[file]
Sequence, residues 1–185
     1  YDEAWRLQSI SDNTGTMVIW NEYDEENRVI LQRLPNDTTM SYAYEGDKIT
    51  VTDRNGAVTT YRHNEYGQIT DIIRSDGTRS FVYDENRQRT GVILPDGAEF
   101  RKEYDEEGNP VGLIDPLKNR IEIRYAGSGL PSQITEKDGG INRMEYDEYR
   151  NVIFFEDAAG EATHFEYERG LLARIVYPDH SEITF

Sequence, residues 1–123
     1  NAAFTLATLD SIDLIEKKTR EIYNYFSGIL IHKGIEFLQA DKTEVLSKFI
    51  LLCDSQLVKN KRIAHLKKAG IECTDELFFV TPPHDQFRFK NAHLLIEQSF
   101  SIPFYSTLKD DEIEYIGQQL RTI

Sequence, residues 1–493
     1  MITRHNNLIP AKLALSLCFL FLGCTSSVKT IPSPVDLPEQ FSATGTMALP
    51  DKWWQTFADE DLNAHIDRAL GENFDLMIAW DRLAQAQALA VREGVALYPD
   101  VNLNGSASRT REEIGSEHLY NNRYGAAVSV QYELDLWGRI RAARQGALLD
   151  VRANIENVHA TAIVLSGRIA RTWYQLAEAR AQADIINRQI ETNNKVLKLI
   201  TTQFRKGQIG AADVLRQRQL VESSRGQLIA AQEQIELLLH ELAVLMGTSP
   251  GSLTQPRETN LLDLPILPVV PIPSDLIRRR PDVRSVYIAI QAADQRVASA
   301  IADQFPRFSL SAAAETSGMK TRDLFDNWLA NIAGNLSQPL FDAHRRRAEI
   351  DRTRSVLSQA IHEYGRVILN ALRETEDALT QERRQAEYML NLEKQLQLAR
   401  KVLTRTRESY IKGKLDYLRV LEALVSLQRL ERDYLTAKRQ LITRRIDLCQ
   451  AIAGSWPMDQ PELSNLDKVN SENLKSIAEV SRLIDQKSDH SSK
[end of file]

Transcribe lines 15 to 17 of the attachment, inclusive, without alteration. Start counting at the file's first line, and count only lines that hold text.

   201  TTQFRKGQIG AADVLRQRQL VESSRGQLIA AQEQIELLLH ELAVLMGTSP
   251  GSLTQPRETN LLDLPILPVV PIPSDLIRRR PDVRSVYIAI QAADQRVASA
   301  IADQFPRFSL SAAAETSGMK TRDLFDNWLA NIAGNLSQPL FDAHRRRAEI